Also, the federation made a ruling on age minimums that led the gymnastics community to believe that current 15-year-olds, who would be too young for a 2020 Olympics, were made eligible for 2021.

At least one gymnast who turned 16 or younger in the Olympic year made the last 10 U.S. Olympic women’s teams. Konnor McClain and Skye Blakely, second and fourth at last year’s junior nationals, just entered the already crowded picture for Olympic team spots.

Older gymnasts in contention include: Morgan Hurd, who won the world all-around title during Biles’ one-year break in 2017. Hurd did not make the six-woman world championships team last year but rebounded to win the American Cup last month.

MyKayla Skinner, a Rio Olympic alternate looking to become the first U.S. female gymnast with NCAA experience to make an Olympic team since Brown’s Alicia Sacramone in 2008.

Kayla DiCello, last year’s junior national champion who impressed enough there and at national team camps to be named, along with Hurd, to the American Cup.

And Kara Eaker and Grace McCallum, the two women other than Biles to compete for the U.S. at each of the last two world championships.

“There are going to be four athletes [who don’t make the team], at least, that anywhere else in the world will win an Olympic medal,” Daggett said.

A variable brought by the coronavirus pandemic: Some athletes still have gym time. Biles tweeted Thursday that she has not been training. Others around the world have home set-ups, equipment included.

“That’s the biggest piece of concern for a lot of people,” Liukin said. “I don’t think I ever took more than a long weekend off. That’s scary. It’s scary to think that you could possibly be going months without doing gymnastics on the equipment, and then wondering how long is it going to take for me to get back to where I was before all this happened.”

Many of the top U.S. men often work out at the U.S. Olympic Training Center in Colorado Springs, but that was shut down last month. How will it affect Sam Mikulak, bidding to become the fist U.S. male gymnast to span nine or more years among Olympic appearances since 1948? Or Yul Moldauer, the 2017 U.S. all-around champion who battled injuries the last two years (and recently started training on a pommel horse in a garage).

The biggest name in men’s gymnastics is Kohei Uchimura, the eight-time Olympic or world all-around champion from Japan. Uchimura fought injuries every year of this Olympic cycle to hang on for 2020. His finish line just extended another year.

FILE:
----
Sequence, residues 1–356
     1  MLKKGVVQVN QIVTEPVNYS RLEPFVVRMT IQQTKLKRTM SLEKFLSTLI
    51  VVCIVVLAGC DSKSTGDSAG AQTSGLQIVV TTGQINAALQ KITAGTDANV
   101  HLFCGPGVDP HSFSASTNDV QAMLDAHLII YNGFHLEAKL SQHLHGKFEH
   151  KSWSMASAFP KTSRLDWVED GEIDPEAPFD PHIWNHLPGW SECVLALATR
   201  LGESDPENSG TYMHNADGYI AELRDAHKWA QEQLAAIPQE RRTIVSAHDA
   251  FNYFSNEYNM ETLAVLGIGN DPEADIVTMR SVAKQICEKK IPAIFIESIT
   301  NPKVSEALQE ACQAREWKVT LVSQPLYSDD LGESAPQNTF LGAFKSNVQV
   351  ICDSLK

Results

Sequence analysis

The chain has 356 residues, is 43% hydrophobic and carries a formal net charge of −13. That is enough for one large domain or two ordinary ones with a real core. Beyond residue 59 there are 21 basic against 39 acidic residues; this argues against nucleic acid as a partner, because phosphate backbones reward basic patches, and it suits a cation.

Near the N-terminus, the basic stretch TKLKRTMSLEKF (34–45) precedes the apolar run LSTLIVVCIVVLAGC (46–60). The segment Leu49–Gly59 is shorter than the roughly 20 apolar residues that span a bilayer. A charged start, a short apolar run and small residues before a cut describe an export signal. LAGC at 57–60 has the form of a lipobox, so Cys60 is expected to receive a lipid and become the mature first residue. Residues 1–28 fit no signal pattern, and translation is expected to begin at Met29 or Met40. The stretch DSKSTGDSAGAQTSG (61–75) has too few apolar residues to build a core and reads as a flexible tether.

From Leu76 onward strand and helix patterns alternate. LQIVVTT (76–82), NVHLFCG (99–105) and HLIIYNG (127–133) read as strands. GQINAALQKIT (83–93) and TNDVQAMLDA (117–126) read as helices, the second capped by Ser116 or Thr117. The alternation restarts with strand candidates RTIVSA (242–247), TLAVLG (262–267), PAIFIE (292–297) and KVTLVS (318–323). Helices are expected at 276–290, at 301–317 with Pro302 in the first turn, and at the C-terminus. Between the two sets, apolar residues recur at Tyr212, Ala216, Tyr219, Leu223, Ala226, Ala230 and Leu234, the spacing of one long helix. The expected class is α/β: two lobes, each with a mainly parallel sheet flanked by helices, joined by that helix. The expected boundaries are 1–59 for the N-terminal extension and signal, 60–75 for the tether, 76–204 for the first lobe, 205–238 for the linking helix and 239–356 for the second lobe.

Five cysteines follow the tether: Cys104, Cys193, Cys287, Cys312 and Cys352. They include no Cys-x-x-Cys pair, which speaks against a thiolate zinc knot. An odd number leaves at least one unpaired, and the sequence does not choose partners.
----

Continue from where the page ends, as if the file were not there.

“For guys that are older and have been sidelined for a longer period of time, coming back from injuries, I think it’s going to be harder for them,” Daggett said. “[Uchimura] may come out of this better, but I would say that the odds are against that. He had a long period of time to figure out what his plan was. They had already taken the time off that they needed to address some of those physical issues. Now, it’s a very long road again.”

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U.S. Olympic and Paralympic Training Centers close facilities

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The U.S. Olympic and Paralympic Committee’s two main training centers in Colorado Springs and Lake Placid, N.Y., have closed their training facilities due to coronavirus concerns.

Resident athletes in Colorado Springs will be allowed to stay and use the dining and medical facilities, but all athletic operations are shut down.

“(B)eginning tomorrow, Wednesday March 18, all training venues (pool, velodrome, gymnasiums, strength and conditioning) will be closed,” Colorado Springs officials told athletes in an email. “This closure will remain in effect for 30 days per the Governor’s orders.”

Colorado Gov. Jared Polis announced Monday that all restaurants and gyms must close on Tuesday. New York Gov. Andrew Cuomo has issued a nearly identical order.

The Colorado Springs dining operation is closed for sit-down meals but will provide to-go meals to any athletes who stay at the center.

The closures will add to the scramble for training options leading up to the Olympics.

“Out of training for a month,” gymnast Sam Mikulak posted on Instagram. “I know I’m not alone on this, how is everyone else dealing with their Olympic preparation in these times?”

Pole vaulter Sandi Morris replied: “all facilities at U of Arkansas where I normally vault are closed up, probably going to go stay in Austin or Atlanta and train at private clubs for a few weeks. UA says they will reconsider opening facilities April 15, but I’m not betting on it. So for now … getting a plan together and doing workouts in my backyard for a few days.”

BMX racer Connor Fields responded with an emoji for beer.

USA Gymnastics is attempting to help.

“”We are we are working with athletes and their coaches to find safe alternative solutions for our athletes to train,” USA Gymnastics said in an email statement.

Athletes elsewhere have voiced similar concerns. British heptathlete Katarina Johnson-Thompson said on Twitter that a training camp in the U.S. has been canceled and she’s unable to train in France.

The Lake Placid center opened two years after the 1980 Olympics were held in the upstate New York village. It specializes in winter sports but also trains athletes in several summer sports.

Colorado Springs is the home of several national governing bodies as well as the training center itself.